Stirring the mommy-wars debate is a tempting and seemingly fun thing to do, especially in the media. Even before becoming a parent, I was mildly fascinated with this idea of working moms and stay-at-home moms, the choices they made, and the way they apparently judged one another. In one corner of the boxing ring is the self-consumed, career-addicted, absentee parent and in the other, June Cleaver, the woman disappointing the women’s movement and future generations of girls by turning back the clock to tend to her home and husband.
Over the past six years, I’ve been on both sides of the fight.
If you define “mommy wars” by how parents are judging each other, it seems more nuanced to me: It’s a person’s approach to parenthood, rather than his or her career choice, where the juicy arguments really start. The fault lines in that discussion fall more evenly between those who feel they are actively raising their children and parents who are accused of treating their kids as accessories.
Trouble is, the baby-as-accessory parents all look very different. They’re just as likely to be driving a Prius and composting as they are to be driving a luxury SUV that’s towing a boat. What the baby-as-accessory parents share in common is selfishness. These parents have a vision, an expectation, and things they need to accomplish on their terms; the baby gets to fit in accordingly. I suppose the degree of their selfishness is subjective, left to the lens of the gossipers.
Certainly there are “if it makes a mess, demands me in the middle of the night, or interrupts my lifestyle in inconvenient or messy ways, then let’s outsource” parents. You can head to any park in a tony neighborhood around the Beltway on a Saturday morning and spot plenty of nannies playing with the kids. Beyond the weekend nannies are the women who hire full-time nannies and night nurses, even if they’re home full-time. For these Real Housewives parents, the unthinkable is sleep deprivation, missing a shower, or getting stuck at home with piles of laundry.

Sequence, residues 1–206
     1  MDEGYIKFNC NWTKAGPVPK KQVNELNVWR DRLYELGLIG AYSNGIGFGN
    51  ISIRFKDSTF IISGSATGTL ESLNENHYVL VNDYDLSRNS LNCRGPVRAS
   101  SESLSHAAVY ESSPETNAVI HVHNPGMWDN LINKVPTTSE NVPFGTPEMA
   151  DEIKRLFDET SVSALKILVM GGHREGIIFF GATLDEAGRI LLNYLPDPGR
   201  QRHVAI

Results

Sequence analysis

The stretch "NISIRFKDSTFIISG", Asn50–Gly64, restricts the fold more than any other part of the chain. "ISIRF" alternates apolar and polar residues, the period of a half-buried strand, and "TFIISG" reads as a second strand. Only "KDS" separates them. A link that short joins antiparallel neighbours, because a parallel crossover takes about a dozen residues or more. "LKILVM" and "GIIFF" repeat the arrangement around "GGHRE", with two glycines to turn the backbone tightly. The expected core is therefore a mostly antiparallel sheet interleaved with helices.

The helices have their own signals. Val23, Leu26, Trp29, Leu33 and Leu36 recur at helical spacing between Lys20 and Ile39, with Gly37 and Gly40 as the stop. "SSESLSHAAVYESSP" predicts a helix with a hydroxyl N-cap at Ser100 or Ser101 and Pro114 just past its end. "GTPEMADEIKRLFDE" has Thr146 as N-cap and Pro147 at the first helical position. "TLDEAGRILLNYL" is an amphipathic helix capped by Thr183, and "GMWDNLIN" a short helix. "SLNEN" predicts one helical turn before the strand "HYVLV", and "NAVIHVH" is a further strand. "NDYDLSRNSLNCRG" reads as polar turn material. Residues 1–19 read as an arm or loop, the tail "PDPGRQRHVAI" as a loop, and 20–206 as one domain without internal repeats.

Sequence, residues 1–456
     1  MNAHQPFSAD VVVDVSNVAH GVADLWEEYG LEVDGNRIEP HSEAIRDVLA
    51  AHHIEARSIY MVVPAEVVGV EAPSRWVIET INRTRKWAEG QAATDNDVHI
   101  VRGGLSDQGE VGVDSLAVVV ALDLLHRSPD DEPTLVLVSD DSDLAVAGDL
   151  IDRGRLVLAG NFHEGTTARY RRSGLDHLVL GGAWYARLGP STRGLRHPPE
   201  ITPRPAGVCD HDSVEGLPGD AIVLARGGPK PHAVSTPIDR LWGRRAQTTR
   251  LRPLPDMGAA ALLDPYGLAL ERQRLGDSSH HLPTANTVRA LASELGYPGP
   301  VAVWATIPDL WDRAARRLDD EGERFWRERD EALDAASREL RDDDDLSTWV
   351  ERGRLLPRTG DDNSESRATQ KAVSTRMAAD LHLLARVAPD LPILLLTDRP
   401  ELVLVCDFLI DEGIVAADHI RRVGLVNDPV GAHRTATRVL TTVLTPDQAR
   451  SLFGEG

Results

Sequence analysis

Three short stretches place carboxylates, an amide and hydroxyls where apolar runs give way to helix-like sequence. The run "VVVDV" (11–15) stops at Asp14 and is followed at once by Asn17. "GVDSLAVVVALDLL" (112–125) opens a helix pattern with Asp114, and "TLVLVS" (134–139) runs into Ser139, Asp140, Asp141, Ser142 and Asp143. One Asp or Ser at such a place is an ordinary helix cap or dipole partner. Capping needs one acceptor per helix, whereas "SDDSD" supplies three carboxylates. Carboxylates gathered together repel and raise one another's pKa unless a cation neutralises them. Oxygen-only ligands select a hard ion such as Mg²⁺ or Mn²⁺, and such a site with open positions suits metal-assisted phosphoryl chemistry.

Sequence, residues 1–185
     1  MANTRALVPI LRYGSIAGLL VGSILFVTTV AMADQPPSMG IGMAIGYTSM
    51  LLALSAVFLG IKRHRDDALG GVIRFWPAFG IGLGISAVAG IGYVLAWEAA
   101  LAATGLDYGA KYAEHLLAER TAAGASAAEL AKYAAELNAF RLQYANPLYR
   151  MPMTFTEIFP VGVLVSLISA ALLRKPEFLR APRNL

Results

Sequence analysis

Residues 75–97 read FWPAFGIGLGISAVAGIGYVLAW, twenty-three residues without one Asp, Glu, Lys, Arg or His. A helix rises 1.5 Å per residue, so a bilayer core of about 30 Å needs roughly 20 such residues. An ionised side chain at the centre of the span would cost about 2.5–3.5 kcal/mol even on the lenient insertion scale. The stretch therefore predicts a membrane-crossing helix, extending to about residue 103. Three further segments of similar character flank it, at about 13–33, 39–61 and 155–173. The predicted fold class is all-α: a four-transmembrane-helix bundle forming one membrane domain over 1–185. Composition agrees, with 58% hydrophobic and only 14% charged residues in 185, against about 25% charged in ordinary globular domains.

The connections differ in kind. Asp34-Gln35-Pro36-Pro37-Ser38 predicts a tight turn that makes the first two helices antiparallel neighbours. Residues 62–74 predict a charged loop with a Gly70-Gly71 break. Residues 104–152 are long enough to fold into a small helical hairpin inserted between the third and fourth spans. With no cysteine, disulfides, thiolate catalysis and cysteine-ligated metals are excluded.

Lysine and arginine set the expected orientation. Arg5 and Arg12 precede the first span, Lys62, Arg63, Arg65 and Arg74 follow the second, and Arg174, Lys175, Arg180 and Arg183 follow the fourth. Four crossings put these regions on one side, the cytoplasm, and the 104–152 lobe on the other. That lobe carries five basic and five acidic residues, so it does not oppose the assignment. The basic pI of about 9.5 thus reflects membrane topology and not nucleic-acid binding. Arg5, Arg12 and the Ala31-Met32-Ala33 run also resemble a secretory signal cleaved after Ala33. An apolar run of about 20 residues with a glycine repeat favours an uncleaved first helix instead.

An extreme example in the world of full-time working parents would be the self-described part-time parent; this one’s not even discreet. In February, Rahna Reiko Rizzuto kicked up some controversy when she wrote a piece for Salon in which she described leaving her kids for six months for a job in Japan. When she returned, Rizzuto said she thought time away from her kids makes her a better mom. The story left me wondering: Did it make her a better mom in her eyes or in her kids’s eyes?
Children, whether of parents with tremendous means or of very little, all need the same thing: our time, attention, patience, and love. That steep learning curve when you’re becoming a parent includes realizing and accepting that the child’s needs are real and important and usually fly in the face of our plans and schedules, like it or not. I would never diminish that it’s a difficult and challenging adjustment. Parenthood isn’t an à la carte menu catering to your cravings of the day.
I believe you can work full-time and raise happy, well-adjusted, amazing kids who know they come first in your life. But I don’t think you can head off to Japan and then decide the whole parenthood gig works better for you when it’s not full-time.
I believe you can leave your high-powered career to raise your kids without failing future generations of women. But I do think it means messy, hard work and not farming it out to someone else around the clock.
There are shades of gray in all the decisions we make as parents, but when accessorizing your life with a baby, the common thread of selfishness can’t ever be masked, especially to the kids. They’re always smarter than we think.
So in the end, the question is: Do you think the next wave of mommy wars pits these very different approaches to parenting against each other? Ultimately, why do we judge other parents, because who cares if someone is accessorizing his or her life with a baby, as long as we aren’t doing it to our own kids?